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which impels a body to fly from the centre, is called the centrifugal force. In circular motion these two

forces balance each other.

If a ball be thrown in a horizontal direction, it is acted upon by three forces, viz. the force of projection; the resistance of the air through which it passes; and the force of gravity which finally brings it to the ground. Bodies thus projected describe a curve line in their descent. If the forces of projection and of gravity both produced uniform motion, the ball would move in the diagonal of a parallelogram: but the motion produced by the force of projection alone is uniform, that produced by gravity is accelerated; and it is this acceleration which makes it fall in a curve instead of a straight line. The curve line which a ball describes, if the resistance of the air be not taken into consideration, is called in geometry a parabola.

The middle point of a body is called its centre of magnitude, that is, the centre of its mass or bulk.

The centre of gravity is the point about which all the parts of a body exactly balance each other, in every position of the body; if therefore this point is supported, the body will not fall. When a boat is in danger of being upset, it is dangerous for the passengers to rise suddenly; this is owing to their raising the centre of gravity. When a man stands upright, the centre of gravity of his body is supported by the feet. If he lean to one side he will no longer stand firm. A rope-dancer performs all his feats of agility, by dexterously supporting his centre of gravity; whenever he finds himself in danger of losing his balance, he shifts the heavy pole which he holds in his hands, in order to throw the weight towards the side that is deficient ; and thus by changing the situation of the centre of gravity, restores his equilibrium. A person carries a single pail of water with great difficulty, owing to the centre of gravity being thrown on one side: but two pails, one hanging on each arm, are carried with much greater facility, because they balance each other.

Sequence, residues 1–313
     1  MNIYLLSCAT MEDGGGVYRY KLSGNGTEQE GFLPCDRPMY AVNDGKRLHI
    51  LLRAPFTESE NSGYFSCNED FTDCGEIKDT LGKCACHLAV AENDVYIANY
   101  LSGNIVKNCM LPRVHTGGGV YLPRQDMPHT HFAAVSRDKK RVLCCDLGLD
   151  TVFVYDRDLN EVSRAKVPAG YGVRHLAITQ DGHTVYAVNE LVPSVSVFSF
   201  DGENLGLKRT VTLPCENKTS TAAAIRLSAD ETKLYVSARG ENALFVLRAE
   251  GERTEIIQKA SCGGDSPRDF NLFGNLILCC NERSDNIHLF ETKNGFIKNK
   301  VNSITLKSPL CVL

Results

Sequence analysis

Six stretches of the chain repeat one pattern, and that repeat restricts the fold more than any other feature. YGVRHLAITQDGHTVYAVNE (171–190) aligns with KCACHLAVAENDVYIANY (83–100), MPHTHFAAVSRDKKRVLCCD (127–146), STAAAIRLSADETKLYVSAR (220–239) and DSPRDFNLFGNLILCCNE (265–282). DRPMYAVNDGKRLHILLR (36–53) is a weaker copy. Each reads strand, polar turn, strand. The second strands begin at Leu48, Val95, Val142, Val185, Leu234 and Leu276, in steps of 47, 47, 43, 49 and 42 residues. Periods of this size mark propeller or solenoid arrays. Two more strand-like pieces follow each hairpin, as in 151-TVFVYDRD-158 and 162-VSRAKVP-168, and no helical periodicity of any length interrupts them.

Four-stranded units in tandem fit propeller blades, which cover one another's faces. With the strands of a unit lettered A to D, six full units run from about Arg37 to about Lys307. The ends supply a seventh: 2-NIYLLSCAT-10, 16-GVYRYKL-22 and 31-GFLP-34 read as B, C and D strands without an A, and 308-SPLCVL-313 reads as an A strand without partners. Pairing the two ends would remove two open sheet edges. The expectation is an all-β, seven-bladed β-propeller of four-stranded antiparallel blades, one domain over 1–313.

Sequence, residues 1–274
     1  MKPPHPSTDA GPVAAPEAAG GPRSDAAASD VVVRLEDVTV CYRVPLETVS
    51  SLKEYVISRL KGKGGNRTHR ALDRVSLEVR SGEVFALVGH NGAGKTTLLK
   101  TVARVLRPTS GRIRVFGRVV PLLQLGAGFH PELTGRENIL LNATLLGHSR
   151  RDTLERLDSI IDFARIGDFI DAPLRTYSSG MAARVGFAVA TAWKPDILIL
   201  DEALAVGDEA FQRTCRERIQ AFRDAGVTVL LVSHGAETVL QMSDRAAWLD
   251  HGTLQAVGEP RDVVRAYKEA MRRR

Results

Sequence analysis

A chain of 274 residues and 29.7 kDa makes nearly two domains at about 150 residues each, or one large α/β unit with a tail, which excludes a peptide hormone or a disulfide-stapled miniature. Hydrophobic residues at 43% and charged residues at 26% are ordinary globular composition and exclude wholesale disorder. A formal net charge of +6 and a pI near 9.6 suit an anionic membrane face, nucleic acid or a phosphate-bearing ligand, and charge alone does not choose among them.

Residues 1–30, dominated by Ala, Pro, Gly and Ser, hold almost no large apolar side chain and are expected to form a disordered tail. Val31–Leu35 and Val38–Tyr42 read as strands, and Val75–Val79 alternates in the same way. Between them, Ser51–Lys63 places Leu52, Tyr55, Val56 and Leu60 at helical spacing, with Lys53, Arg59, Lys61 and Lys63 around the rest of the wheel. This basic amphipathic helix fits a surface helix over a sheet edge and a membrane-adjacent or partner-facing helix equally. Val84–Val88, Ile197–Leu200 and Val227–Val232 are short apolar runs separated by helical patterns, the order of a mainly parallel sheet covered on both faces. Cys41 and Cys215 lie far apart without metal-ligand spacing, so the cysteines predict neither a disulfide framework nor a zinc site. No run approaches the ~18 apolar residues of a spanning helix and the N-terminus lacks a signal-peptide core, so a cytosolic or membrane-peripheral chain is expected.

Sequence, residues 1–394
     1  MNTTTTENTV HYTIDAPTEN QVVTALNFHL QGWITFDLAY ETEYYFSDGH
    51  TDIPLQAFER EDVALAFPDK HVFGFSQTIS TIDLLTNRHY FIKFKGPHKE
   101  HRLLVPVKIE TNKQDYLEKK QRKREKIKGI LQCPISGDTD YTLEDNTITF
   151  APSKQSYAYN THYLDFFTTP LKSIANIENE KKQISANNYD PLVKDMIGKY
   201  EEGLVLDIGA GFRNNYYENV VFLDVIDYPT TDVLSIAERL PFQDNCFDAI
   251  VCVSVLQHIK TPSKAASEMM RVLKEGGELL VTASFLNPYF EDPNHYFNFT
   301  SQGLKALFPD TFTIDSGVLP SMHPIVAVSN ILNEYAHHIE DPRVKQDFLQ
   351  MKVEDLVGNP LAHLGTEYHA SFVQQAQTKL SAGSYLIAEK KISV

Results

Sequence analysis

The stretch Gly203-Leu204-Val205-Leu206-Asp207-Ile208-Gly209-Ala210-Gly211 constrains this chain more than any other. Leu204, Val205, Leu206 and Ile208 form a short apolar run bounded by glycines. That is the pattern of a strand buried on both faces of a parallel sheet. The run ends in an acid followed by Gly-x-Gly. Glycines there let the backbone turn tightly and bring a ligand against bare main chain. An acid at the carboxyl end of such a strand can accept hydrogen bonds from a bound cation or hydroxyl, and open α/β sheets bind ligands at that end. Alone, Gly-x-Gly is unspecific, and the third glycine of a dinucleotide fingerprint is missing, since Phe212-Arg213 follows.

When two bodies are fastened together, they are to be considered as forming but one body. If the two bodies be of equal weight, the centre

of gravity will be in the middle of the line which unites

them; but if one be heavier than the other, the centre of gravity will be proportionably nearer the heavy body than the light one.


There are six mechanical powers, viz. the lever, the pulley, the wheel and axle, the inclined plane, the wedge and the screw. One or more of these enters into the composition of every machine.

In order to understand the power of a machine, there are four things to be considered. Firstly, the power that acts; this consists in the effort of men or horses, of weights, springs, steam, &c. Secondly, the resistance which is to be overcome by the power. The effect of the power must always be superior to the resistance, otherwise the machine could not be put in motion. For instance, were the resistance of a carriage equal to the strength of the horses employed to draw it, they would not be able to draw it. Thirdly, we are to consider the centre of motion, or, as it is termed in mechanics, the fulcrum, which means prop. And lastly, the respective velocities of the power, and of the resistance.



The lever is an inflexible rod or beam, that is to say, one which will not bend in any direction. For

instance, the steel rod, to which a pair of scales is sus→ pended, is a lever, and the point by which it is suspended, called the prop or fulcrum, is also the centre of motion. The two parts of a lever, divided by the fulcrum, are called its arms. Now, both scales being empty, they are of the same weight, and consequently balance each other. We have stated that if two bodies of equal weight are fastened together, the centre of gravity will be in the middle of the line that connects them; the centre